HVS: Great Barrington has been a trendsetter locally in the elimination of single-use plastics; is this practice new to you?
TB: No! In fact, at the only other co-op in Cora, Iowa, I got rid of plastic bottles—and this was 10 years ago. We encouraged the use of reverse-osmosis filling stations, which was free, and we made it easy for people. We had washable cups and I am definitely on board with that. And in Fernandina Beach, our store was one of the first to get rid of plastic, single-use bags, which we did just before I left. I think we should be a leader, there’s no doubt, and I will definitely push the envelope [I asked, for instance, about washable cups at the new co-op]. And I think we have support. There’s always the immediate-inconvenience factor, but if we can get out in front of it—tell people what we are going to do, do it and make sure there is an alternative if people need it—it’s only going one direction, this whole getting rid of some of the things we can’t recycle.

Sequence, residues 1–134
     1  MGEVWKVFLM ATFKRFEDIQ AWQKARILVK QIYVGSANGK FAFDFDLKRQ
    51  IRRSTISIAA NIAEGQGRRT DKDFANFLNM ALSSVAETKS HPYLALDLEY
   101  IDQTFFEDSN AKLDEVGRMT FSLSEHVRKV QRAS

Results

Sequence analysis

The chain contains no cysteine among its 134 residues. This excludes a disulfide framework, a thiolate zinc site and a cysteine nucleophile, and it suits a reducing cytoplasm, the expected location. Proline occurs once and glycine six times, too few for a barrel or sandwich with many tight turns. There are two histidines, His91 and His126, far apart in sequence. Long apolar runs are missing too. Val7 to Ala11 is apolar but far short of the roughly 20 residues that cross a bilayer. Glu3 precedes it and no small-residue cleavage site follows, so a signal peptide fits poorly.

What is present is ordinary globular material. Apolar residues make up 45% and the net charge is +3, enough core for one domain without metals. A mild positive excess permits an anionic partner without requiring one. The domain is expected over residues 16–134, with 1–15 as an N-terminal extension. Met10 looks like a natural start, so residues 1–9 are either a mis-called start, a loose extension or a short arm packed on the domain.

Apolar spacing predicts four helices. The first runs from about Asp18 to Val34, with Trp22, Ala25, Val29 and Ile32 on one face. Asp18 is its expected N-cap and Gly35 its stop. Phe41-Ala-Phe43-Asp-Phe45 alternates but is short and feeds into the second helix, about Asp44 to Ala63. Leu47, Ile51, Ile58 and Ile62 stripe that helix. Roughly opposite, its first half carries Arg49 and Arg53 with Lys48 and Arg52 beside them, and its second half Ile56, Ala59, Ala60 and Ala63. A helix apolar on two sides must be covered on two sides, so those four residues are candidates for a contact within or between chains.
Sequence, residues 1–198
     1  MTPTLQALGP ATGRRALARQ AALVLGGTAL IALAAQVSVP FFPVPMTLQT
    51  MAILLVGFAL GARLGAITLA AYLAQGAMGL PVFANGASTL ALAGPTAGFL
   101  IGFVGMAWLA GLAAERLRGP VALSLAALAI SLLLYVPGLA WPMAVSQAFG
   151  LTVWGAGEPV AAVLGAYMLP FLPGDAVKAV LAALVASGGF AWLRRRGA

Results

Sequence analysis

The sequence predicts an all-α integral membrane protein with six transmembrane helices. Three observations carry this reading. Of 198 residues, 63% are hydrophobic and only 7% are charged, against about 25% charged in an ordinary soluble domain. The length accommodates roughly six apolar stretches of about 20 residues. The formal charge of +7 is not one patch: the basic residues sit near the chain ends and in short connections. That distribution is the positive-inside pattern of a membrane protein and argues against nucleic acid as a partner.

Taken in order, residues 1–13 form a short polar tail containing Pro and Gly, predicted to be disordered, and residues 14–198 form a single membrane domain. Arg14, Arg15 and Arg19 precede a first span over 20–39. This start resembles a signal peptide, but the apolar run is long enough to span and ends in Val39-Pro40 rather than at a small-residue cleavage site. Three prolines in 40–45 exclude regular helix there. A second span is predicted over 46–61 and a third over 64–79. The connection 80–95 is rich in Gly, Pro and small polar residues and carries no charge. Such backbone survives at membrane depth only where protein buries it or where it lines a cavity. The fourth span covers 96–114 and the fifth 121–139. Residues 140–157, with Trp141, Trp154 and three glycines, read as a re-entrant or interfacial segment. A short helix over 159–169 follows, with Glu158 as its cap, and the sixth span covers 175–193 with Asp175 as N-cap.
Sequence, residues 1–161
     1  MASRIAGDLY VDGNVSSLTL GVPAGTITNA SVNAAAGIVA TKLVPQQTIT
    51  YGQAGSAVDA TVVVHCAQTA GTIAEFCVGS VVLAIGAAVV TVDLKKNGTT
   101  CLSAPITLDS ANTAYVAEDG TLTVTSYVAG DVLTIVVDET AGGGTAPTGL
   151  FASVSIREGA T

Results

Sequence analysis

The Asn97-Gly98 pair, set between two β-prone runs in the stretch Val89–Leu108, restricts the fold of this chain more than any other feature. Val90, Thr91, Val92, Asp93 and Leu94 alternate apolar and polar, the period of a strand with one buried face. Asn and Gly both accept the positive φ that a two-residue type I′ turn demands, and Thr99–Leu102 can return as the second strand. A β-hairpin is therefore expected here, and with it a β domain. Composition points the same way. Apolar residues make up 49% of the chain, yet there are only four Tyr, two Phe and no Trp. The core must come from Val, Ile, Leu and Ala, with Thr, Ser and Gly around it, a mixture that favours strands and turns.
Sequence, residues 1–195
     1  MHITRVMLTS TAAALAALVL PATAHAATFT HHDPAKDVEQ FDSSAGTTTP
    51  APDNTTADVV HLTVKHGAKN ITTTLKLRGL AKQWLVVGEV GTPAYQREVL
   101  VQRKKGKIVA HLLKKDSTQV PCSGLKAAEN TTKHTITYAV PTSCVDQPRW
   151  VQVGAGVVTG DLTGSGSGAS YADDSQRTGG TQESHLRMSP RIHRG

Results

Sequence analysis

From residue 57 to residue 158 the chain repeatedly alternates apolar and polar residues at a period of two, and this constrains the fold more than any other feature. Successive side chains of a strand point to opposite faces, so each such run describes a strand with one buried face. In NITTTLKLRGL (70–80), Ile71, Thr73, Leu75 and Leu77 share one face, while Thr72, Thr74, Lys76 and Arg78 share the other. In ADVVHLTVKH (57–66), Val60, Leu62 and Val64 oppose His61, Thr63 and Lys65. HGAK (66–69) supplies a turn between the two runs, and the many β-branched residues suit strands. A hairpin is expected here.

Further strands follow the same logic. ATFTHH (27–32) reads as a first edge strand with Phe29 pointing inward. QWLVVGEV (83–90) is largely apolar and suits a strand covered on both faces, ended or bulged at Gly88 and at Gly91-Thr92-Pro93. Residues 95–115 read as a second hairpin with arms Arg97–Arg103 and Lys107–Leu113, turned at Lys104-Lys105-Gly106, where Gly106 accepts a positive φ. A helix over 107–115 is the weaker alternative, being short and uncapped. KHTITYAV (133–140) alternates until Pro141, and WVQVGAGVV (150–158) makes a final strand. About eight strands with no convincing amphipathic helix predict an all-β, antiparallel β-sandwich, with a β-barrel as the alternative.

HVS: Do you have a favorite item in the produce section this week?
TB: Today, the cherries are awesome; it’s a perfect time for the cherries—stone fruit, without a doubt. They [all] eat like candy.
The Berkshire Food Co-op was founded in 1981 by local families who wanted to provide our community a place to shop, gather, eat and learn by offering good food and sustainable products at reasonable prices through cooperative ownership and responsible business practices. The store’s current location, which opened last month, is its third; what began as a buying club in the granary building on Rosseter Street expanded to Bridge Street in 2003. Berkshire Food Co-op is a cooperatively owned grocery store that specializes in sustainably and responsibly created food and products for body and home. The Co-op is the center of a flourishing community that cultivates generosity, cooperation and care for our environment. Anyone can be an Owner and everyone is welcome to shop.